I’ve seen it many times. While there is a set of «official» attributes for a product, or a client or whatever, a department may choose to group them through one or more custom attributes. And what do they do? Of course, they create an excel file where they manually maintain a table with the key (hopefully) and all the custom columns. They will tell you that they update it whenever a new value appears in the datasource, but if you double check this statement you might get let’s say «mixed results» at best.
Nothing says «there is a problem» as a red button appearing in your report. And if it offers «actionable insight» on how to solve the problem, so much better. So this is what we’re going to do: A data problem button.
This idea didn’t come out of thin aire, but rather from this video from Patrick in the GuyInACube channel The only difference is that the measure will be signalling detected data problems and the detail page will show the problems in detail, like unmapped values for instance.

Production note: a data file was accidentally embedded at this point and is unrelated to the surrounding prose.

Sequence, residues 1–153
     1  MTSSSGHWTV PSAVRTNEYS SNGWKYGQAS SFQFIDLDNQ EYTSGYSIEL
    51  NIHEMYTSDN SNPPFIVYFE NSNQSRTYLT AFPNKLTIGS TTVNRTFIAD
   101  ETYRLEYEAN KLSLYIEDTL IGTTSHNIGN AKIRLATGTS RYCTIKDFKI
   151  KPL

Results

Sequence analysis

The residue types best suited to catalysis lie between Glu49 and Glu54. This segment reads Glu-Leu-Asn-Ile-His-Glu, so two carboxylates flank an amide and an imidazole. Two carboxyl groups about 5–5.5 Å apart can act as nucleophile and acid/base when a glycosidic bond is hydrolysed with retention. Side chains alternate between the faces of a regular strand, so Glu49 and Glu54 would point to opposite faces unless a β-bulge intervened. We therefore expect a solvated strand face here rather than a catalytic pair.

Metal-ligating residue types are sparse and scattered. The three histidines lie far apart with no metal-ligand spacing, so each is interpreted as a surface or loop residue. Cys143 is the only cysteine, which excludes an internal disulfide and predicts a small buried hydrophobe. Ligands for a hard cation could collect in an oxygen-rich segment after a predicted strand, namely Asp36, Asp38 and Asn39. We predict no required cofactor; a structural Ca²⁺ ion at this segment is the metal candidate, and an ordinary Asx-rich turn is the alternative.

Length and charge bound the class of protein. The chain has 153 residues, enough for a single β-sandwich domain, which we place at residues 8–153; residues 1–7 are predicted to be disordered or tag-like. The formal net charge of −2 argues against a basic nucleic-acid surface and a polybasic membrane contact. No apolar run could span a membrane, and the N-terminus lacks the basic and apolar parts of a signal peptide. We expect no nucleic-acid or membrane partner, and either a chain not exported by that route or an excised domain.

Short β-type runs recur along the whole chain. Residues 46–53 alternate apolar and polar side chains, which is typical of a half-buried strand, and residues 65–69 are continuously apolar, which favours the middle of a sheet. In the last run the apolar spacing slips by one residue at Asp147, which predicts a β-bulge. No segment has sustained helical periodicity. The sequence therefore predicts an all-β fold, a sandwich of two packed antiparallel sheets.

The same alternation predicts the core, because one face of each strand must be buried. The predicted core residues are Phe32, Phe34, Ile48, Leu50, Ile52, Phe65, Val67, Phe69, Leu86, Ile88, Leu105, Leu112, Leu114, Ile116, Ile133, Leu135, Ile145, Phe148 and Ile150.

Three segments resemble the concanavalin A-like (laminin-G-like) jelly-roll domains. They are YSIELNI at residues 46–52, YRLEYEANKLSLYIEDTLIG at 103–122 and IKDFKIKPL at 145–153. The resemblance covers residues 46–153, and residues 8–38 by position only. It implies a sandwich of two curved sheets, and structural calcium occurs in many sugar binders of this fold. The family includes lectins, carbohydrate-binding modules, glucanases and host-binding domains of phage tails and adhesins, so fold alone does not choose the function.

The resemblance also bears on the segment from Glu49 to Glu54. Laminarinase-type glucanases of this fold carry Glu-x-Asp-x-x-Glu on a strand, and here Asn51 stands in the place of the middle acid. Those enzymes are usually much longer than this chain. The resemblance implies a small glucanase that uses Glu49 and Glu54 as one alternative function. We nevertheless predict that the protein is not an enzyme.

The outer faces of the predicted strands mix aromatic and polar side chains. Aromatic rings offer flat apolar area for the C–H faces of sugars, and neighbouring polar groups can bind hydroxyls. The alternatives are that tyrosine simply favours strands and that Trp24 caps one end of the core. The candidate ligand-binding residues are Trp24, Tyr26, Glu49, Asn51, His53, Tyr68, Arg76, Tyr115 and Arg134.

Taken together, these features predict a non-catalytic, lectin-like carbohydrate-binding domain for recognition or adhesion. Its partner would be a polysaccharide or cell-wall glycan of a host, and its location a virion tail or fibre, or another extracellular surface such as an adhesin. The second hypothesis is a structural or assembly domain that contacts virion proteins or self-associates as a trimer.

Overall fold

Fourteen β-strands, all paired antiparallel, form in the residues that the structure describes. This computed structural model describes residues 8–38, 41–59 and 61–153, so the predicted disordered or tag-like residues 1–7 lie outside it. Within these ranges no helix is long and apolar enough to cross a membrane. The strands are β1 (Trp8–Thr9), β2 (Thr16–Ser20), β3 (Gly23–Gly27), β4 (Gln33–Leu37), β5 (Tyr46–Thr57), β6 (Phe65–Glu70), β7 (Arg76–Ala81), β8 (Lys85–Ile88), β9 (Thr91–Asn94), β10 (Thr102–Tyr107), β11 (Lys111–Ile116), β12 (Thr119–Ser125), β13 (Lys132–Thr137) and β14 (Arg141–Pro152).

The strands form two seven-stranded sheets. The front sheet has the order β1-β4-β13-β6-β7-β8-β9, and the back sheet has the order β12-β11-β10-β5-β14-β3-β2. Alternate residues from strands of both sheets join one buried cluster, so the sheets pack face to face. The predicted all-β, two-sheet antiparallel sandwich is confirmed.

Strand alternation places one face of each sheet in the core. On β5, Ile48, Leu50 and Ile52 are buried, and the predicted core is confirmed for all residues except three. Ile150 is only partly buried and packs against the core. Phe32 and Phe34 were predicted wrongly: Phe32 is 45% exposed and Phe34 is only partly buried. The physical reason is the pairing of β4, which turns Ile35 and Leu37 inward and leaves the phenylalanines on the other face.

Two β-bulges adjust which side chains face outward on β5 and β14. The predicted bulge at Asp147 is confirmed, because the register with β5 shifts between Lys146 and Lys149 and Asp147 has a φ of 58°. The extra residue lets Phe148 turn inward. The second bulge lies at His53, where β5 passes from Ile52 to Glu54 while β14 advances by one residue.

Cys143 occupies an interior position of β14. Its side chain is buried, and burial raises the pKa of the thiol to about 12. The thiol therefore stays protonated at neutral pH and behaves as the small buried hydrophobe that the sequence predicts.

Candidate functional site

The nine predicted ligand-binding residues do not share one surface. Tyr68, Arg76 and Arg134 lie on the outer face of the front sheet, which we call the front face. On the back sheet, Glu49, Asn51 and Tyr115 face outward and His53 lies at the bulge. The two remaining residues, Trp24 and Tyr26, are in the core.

The Manually Maintained Table
Let’s imagine we would like to group the colors of the products of the contoso model into warm and cold colors (according to our business-based criteria). Something like this (let’s imagine that these are all the colors present in the data when we set the table up):
So we bring the data into Power Query…
… and here we have two options:
- Load it «as-is» into the model
- Merge it with Product table as a new column
In this particular case, the second option makes more sense, but sometimes people may choose to create the entire dimension from the excel file, like «Master Product Table.xlsx», really, I’ve seen it. So we’ll explore both ways to see how we would go about into creating a «Data Problems» button in each case.
Manual table «as-is» into the model
And now let’s imagine that during the refresh new colors appear in the Product table… If we are analyzing the share of products of warm and cold products we will get either a blank column or incorrect data (I’ve seen reports where this blanks are shamelessly hidden from the filter panel as people sometimes do not understand where they come from).
Since we set up the problem, the reason is clear. Not all colors are mapped. But we need a measure to tell us this, so we can create a button that appears only when there is a data problem. Also we could have multiple data problems so we need a general approach.